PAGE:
Say you ask me to describe a human head. From the front I see eyes, nose, part of the ears, mouth etc. From the back I see hair and part of the ears and neck.
From top, bottom ,side and inside I see different things.
“As the lamp consumes oil, the path realises Nibbana”

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Re: Aggregates v. clinging aggregates

Post by vinasp » Sat Dec 29, 2012 7:31 am

Hi cjmacie,

What an interesting first post! Welcome to DhammaWheel.

You raise a number of points which I will try to respond to, but first we need to be
clear about the meaning of the term 'aggregate' (khandha).

The (old) Pali-English Dictionary entry for 'khandha' [edited]:

Khandha [Sk. skandha] --
I. Crude meaning: bulk, massiveness (gross) substance.
A. esp. used (a) of an elephant: ... (b) of a person: the shoulder or back: ... (c) of a tree: the trunk. ... (d) as technical term in exegetical literature: section, chapter, lit. material ...

B. More general as denoting bulk ( -- ˚); e. g. aggi˚ a great mass of fire ...; udaka˚ a mass of water (i. e. ocean)...; puñña˚ a great accumulation of merit ...; bhoga˚ a store of wealth ...

II. Applied meaning. --
A. ( -- ˚) the body of, a collection of, mass, or parts of; in collective sense "all that is comprised under"; forming the substance of. <->

(a) dukkha˚; all that is comprised under "dukkha," all that goes to make up or forms the substance, the idea of "ill." Most prominent in phrase kevalassa dukkhakhandhassa samudaya and nirodha (the origin or destruction of all that is suffering) with ref. to the paṭiccasamuppāda the chain of causal existence ...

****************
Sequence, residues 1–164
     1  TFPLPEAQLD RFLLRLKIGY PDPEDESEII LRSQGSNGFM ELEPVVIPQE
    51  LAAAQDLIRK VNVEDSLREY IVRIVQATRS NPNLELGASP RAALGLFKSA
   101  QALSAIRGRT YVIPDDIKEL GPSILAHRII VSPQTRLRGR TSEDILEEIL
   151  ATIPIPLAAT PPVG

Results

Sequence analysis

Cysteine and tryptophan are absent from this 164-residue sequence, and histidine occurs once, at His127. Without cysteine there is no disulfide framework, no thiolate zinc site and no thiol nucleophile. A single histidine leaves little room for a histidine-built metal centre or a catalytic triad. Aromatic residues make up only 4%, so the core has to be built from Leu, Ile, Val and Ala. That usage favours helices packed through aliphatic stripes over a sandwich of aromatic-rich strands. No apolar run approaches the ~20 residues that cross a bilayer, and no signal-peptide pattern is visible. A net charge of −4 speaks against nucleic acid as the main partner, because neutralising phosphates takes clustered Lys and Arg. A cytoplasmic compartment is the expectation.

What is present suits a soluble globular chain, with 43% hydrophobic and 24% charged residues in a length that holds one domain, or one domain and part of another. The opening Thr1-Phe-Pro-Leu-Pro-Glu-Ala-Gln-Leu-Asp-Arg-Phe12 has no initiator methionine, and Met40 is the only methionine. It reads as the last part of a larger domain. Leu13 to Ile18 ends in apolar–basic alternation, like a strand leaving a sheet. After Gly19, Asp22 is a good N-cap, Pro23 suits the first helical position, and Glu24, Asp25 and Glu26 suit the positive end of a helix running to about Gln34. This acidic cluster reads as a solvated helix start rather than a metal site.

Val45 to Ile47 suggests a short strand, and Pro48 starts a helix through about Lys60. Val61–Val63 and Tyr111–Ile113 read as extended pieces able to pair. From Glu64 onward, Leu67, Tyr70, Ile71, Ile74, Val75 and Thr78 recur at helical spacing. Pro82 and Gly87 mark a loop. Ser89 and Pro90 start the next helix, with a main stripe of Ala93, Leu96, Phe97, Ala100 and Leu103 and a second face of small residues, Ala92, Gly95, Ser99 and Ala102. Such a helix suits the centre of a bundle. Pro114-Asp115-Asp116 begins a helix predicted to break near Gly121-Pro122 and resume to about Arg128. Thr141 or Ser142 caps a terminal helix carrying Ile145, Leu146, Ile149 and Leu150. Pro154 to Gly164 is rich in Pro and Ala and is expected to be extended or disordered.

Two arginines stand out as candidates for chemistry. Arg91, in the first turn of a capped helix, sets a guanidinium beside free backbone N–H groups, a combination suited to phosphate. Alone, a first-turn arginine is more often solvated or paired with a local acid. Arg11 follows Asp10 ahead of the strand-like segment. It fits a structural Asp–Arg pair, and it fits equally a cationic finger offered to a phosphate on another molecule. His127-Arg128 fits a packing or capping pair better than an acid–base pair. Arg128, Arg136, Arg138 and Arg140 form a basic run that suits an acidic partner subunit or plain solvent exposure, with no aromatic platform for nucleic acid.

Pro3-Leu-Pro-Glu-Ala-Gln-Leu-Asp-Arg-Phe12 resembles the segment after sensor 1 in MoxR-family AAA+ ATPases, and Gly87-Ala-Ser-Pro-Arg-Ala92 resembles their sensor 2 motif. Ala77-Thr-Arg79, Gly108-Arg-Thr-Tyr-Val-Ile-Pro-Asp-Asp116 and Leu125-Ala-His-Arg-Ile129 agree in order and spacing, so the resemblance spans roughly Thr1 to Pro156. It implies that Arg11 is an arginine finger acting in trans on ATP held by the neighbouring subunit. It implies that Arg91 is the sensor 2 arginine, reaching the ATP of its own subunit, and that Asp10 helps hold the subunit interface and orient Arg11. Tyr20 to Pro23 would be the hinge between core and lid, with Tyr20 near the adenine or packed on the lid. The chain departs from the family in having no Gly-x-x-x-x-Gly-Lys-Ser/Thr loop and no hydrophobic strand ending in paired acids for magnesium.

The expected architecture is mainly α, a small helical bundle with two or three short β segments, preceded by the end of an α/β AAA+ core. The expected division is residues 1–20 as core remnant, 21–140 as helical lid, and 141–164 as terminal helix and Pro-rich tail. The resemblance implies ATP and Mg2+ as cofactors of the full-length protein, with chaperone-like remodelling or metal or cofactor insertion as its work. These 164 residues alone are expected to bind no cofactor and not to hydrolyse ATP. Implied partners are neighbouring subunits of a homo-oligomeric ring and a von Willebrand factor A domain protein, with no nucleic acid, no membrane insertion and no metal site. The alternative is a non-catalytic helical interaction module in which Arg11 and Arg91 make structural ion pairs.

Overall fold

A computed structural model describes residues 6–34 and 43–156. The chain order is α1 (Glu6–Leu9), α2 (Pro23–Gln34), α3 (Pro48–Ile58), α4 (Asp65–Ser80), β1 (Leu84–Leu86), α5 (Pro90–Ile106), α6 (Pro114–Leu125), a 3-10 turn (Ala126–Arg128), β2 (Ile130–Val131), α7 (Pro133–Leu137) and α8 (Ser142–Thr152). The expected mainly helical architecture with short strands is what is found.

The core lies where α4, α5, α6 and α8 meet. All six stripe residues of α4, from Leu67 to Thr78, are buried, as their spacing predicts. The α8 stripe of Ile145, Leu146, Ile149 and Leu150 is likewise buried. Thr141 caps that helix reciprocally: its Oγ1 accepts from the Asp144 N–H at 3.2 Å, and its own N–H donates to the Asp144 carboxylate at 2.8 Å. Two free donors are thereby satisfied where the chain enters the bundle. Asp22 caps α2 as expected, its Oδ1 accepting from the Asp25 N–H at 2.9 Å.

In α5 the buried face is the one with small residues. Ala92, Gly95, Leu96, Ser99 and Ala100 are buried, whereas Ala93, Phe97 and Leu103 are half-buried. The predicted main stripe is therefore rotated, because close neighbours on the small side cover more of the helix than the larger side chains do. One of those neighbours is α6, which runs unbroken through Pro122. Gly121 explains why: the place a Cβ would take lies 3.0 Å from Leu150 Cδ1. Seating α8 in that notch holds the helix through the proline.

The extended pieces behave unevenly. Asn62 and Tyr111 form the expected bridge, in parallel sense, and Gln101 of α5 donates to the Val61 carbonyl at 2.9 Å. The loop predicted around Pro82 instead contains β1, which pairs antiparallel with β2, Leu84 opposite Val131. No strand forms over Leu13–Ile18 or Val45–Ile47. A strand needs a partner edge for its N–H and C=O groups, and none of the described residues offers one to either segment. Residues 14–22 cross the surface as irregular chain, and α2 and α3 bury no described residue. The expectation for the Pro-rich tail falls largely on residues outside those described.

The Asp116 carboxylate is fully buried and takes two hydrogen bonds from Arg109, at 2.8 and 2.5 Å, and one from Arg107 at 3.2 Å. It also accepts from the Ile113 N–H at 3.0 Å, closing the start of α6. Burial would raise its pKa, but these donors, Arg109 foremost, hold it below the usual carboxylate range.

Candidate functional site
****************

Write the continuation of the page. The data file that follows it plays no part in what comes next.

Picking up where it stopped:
(b) lobha˚; dosa˚ moha˚ the three ingredients or integrations of greed, suffering and bewilderment, lit. "the big bulk or mass of greed" ...

(c) vayo˚; a division of age, part of age, as threefold: purima˚, majjhima˚, pacchima ...

(d) sīla (etc.) kh˚ the 3 (or 5 groups or parts which constitute the factors of right living (dhamma), viz. (1) sīla˚ the group dealing with the practice of morality; (2) samādhi˚ that dealing with the development of concentration; (3) paññā˚ that dealing with the development of true wisdom. They are also known under the terms of sīla -- sampadā, citta˚ paññā˚ D i.172 sq.; see sīla. -- D i.206; Nett 64 sq.; 126 tīhi dhammehi samannāgato "possessed of the three qualities," viz. sīla -- kkhandhesu, etc. It 51; cp A i.291; v.326. tīhi khandhehi . . . aṭṭhangiko maggo sangahito M i.301; sīlakkhandhaŋ, etc. paripūreti "to fulfil the sīla -- group" A i.125; ii.20, iii.15 sq. These 3 are completed to a set of 5 by (4) vimutti the group dealing with the attainment of emancipation and (5) vimutti -- ñāṇa -- dassana ˚the group dealing with the realization of the achievement of emancipation. As 1 -- 4 only at D iii.229 (misprint puñña for paññā); cp A i.125. As 5 at S i.99=A i.162; S v.162; A iii.134 271; v.16 (all loc.=S i.99); It 107, 108; Nd2 under sīla. ...